Timeout for Art: Stages



There is a special joy in sitting down to sketch that – from selecting a subject to finished image – it all happens together.

That is rare, in art.

The “percolating” stage comes first. Ideas lead to sketches and variations and planning and trials. Sometimes months or even years go by from the time the first kernel of an idea develops until it becomes something tangible.

Execution is next: the gathering of materials and digging in to the selected medium. Whether paint or printer’s ink or clay, the process is long. There is always waiting…thinking…stages leading to completion.

Anticipation is a big part of the process.

I’ve been working on several large paintings that dominate my studio space and make any other activities impossible. With the finish in sight, I’m anxious to be able to access my printing press again. Last week I cleared my drafting table and started adding color to several collagraph images, to make them ready for their final printing.

These were first printed last winter, and were just black-ink outlines with texture. The addition of watercolor is a simple process – most of the excitement comes from selecting the colors – similar, I think, to a child’s coloring book activity. I’m showing them now so that you’ll share in the surprise later.

The thrill will come when these are next run though the press. The plate will be prepared with printing ink – for these I’ll mix a dark blue-black – and these papers will be dampened to prepare them for printing. There are technical aspects: registration and tension and viscosity of the ink.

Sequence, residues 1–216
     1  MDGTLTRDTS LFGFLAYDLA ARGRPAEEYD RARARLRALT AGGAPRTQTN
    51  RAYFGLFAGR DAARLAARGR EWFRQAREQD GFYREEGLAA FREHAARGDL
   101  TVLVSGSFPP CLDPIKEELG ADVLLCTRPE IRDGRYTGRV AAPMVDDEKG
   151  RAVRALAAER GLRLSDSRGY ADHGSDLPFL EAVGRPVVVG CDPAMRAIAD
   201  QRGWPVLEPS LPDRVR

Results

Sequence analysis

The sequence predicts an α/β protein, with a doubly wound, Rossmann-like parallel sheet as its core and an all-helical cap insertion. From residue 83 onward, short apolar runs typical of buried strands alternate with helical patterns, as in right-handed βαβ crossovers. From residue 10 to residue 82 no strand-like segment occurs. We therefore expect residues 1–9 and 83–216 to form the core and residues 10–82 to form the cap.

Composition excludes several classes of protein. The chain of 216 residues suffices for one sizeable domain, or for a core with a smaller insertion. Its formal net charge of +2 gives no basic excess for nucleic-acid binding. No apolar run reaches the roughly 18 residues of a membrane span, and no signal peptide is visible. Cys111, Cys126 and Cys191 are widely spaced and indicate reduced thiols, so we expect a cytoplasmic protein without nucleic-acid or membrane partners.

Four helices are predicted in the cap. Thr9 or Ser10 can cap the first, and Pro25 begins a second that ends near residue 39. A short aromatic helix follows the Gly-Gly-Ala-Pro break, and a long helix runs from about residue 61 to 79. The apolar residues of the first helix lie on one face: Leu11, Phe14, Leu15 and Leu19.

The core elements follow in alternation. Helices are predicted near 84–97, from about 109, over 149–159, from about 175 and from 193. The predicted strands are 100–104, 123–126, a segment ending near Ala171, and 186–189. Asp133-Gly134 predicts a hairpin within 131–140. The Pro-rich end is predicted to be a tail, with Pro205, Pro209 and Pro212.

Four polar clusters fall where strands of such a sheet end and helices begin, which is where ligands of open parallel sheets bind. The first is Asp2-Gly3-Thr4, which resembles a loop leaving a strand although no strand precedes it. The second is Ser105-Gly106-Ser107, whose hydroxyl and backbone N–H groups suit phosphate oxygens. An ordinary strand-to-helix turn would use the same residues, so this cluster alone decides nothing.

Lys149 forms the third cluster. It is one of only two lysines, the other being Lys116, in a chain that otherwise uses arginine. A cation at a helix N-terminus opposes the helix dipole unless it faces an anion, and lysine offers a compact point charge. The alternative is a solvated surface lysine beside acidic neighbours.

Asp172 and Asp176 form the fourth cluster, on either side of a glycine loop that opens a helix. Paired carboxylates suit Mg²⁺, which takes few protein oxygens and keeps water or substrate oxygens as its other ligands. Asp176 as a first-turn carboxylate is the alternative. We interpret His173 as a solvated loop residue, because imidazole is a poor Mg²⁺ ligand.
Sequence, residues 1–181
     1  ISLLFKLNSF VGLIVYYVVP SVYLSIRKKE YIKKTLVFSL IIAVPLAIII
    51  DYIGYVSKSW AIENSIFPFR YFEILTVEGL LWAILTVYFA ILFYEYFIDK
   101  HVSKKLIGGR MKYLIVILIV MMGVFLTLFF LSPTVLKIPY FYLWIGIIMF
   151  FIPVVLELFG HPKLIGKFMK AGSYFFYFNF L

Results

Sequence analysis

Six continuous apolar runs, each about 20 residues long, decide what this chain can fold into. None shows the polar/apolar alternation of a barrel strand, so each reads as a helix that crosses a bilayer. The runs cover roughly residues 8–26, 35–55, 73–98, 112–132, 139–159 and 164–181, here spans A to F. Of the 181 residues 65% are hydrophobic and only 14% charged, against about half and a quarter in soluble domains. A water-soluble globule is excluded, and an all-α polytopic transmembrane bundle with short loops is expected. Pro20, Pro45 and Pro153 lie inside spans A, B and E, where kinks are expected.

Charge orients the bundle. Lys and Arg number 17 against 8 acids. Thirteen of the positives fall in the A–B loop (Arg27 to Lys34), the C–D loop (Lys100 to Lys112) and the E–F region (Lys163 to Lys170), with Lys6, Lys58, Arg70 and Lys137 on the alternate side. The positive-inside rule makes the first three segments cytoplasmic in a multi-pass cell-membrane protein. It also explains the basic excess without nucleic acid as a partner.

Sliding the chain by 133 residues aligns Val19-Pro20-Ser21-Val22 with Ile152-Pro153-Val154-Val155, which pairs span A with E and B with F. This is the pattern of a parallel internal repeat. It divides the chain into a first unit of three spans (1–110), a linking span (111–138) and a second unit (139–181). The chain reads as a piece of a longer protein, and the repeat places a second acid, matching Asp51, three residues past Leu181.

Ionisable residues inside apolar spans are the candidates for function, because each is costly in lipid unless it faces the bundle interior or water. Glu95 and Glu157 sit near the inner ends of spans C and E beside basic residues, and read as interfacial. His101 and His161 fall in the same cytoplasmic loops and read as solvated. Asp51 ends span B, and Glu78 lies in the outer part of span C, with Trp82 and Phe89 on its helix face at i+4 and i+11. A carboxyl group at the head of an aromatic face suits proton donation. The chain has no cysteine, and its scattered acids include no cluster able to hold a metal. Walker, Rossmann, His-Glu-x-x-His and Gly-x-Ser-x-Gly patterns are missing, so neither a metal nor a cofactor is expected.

Mostly, though, it is MAGIC.







About cindyricksgers

I am an artist. I live on an island in northern Lake Michigan, USA. I have two grown daughters, four strong, smart and handsome grandsons and one beautiful, intelligent and charming granddaughter. I live with two spoiled dogs. I love walking in the woods around my home, reading, writing and playing in my studio.

14 responses »

    • Thanks, Kimberly! I like the “magic” aspect so well, I set things up, when possible, for surprises to happen. That’s especially easy to do in ceramics, because of the firing process, but possible in other media as well. When it happens, it’s almost always lots better than anything I could have thought of! Thanks for reading, and for your comments!

    • Thanks, Bob! I like this plate very much but it’s not an easy one to print…too much deep texture in that star burst area. I’m trying to account for that in the way I’m using colors, and will have to be careful to wipe that area especially well before running it through the press. High hopes right now, though!

  1. I love reading about an artist’s process. That percolating stage you describe is something special, isn’t it? I’m not in situations that require much of it now, but I remember it well from my paper writing days in college. Very hard to describe, but you can feel your brain subconsciously putting together all the little pieces…it might take a few hours or a few days, but suddenly you just KNOW it’s time to create. Then when you finish and actually see a finished product you think, “Dang…where did this come from? I think i channeled it!”
    Creativity fascinates me! thanks so much for this great post!

    • Oh, I percolate a lot when it comes to writing, too! Until I work through things in my mind, it seems silly to try to get it down on paper. When I’m ready, it does seem to flow, as if someone else is “pulling the strings”. Thanks for reading, Karen, and for your comments!

  2. i’m pulling up the rear again but happy to be online! it took forever to load – internet connection fault and not yours – but wow, i loved that it doled out the images little by little!!!

    you are so right – sometimes we are at war w/the work in progress and other times it just flows… yesterday i gave the reins to the work, and presto, all went well after that!

    a friend dropped by this morning, and i smirked as we looked at the new paitning.. i said, ‘look what i birthed last night!’

    back offline for a few days…
    so glad to see this!


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